The Doors – Waiting For the Sun (50th Anniversary Deluxe Edition) (Rhino Records)
Band’s only #1 album with improved sound, rare mixes and live tracks
Things were not well when the Doors went in to record their third album in 1968. Their first two records (The Doors and Strange Days) were built on repertoire the band had been playing live for years, but that well had just about run dry. Plus, leader Jim Morrison was becoming increasingly erratic as his substance abuse ramped up, often not showing up to recording sessions. Under these adverse conditions, the band completed Waiting For the Sun, recently reissued in a 50th Anniversary Deluxe Edition from Rhino Records.
“Why should I buy another version of Waiting For the Sun…I think I’m being ripped off!”
These words, printed in the liner notes of the accompanying booklet, come directly from the band’s original engineer, Bruce Botnick, who put together this new release. Of course, he goes into great technical detail on how modern technology has helped improve the sound – but does it really sound better?
The answer, yes. Absolutely. And, you don’t need to be an audiophile to hear the difference.
We learn, in the booklet, that Waiting For the Sun was one of the first rock albums to use Dolby Noise Reduction. Honestly, to my ears, this album has always sounded flat and lifeless. This new remaster adds some of the air back to these tracks – they “breathe” more. The most obvious example is “Hello, I Love You,” which always seemed tinny. In this new remaster, the bass is more full and the track sounds alive.
Another big example of improvement is on Morrison’s epic “The Unknown Soldier.” His voice always sounded muffled. In this new remastered form, you can really feel Morrison’s presence vocally. Plus, Ray Manzarek’s frenetic keyboard and Robbie Krieger’s slashing guitar are crystal clear, and add to the psychosis.
Another selling point of this special edition is the discovery of some rough mixes of nine of the album’s original 11 tracks. On the rough mix of “Hello, I Love You,” Krieger’s buzzy guitar and Manzarek’s organ are are hotter in the mix, while Morrison’s voice is spread out in the stereo spectrum. The vocals have a different effect on the rough “Love Street,” while “Five to One” seems even more out of control in this early version. It is certainly hear these tracks in a slightly different light.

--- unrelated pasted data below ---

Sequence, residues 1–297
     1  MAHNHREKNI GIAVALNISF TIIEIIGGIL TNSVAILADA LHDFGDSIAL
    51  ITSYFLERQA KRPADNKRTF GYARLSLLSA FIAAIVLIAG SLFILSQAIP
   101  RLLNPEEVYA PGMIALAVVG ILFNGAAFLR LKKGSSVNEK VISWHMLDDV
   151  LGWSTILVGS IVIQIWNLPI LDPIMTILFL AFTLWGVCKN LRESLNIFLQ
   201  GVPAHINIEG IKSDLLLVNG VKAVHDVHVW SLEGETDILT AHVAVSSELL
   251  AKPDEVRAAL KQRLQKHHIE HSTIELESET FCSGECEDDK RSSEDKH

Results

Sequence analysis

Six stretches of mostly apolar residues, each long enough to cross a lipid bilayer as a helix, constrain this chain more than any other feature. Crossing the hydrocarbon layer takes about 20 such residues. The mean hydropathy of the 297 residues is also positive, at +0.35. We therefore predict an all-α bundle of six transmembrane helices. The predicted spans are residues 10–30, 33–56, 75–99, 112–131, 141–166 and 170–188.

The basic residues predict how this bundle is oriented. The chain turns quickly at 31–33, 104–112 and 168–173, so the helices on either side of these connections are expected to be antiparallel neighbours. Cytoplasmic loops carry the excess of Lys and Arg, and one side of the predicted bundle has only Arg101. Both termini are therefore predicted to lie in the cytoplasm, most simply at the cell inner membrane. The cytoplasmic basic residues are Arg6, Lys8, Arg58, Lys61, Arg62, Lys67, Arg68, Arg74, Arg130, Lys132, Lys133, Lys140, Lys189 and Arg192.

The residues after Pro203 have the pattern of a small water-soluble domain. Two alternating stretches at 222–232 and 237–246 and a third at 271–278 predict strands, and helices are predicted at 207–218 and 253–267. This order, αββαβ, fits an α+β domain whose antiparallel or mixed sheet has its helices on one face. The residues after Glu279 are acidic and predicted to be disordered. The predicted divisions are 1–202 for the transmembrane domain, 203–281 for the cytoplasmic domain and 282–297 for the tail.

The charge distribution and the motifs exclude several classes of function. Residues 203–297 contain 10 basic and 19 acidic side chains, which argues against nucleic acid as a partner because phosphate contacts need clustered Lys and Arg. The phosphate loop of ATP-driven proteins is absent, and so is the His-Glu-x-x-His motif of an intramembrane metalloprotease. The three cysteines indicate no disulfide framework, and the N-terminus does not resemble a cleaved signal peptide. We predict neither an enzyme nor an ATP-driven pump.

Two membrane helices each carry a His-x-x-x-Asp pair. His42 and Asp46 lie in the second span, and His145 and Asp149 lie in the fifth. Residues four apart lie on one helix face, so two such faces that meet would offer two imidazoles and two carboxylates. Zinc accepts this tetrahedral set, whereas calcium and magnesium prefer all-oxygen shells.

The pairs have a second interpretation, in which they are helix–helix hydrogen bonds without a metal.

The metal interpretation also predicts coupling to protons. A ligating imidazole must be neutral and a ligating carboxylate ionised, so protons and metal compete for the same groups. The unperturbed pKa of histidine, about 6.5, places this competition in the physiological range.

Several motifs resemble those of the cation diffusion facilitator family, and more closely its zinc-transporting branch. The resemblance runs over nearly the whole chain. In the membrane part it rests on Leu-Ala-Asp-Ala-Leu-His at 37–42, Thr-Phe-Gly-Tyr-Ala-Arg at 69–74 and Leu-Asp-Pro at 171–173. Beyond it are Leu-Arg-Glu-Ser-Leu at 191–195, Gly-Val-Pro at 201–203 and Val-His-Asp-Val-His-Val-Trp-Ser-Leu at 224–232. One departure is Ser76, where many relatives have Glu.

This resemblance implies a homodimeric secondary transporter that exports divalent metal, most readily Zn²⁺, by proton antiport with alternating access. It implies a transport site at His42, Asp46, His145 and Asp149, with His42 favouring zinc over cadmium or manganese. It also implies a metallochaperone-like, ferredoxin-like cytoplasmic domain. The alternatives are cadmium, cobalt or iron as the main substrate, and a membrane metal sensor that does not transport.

Disc two also features five songs recorded live in Copenhagen in September of 1968, and this is the real selling point of this set. These tracks were captured using a single microphone and aren’t of the highest quality, and yet, show the band ferociously tearing threw the setlist. “Hello, I Love You” is especially volatile – drummer John Densmore is on fire, while guitarist Krieger lets loose a frenetic solo at the end of “Back Door Man.” Low fidelity aside, these are some of the finest examples of the Doors playing live.
Augmented by the two CD’s is a newly-pressed copy of the album on vinyl. I have an original, 1968 edition on Elektra and compared it with the new one. For those wanting details, Botnick goes in-depth on what they did to make this sound better in the liner notes (even keeping the grooves away from the inner circle?). To my ears, this new vinyl sounds better in every way. First off, songs like “Hello, I Love You” and “We Could Be So Good Together” have a much warmer, fuller sound, especially on the bass. The acoustic “Spanish Caravan” seems to have more presence, while “Five to One” snarls with the added fidelity. The vinyl is nice and quiet too.
The final piece to this new edition is a 12×12 booklet featuring outtakes from the album cover shoot, as well as a pair of essays on the background behind the album (and those technical details I referred to). The entire set is housed in a hardback case that will look cool sitting in anyone’s collection.
If you’re a Doors’ fanatic, you’ve got to own this one. But, even the casual fan should find enough here to delve into – especially if you’ve got a turntable to play the vinyl on. –Tony Peters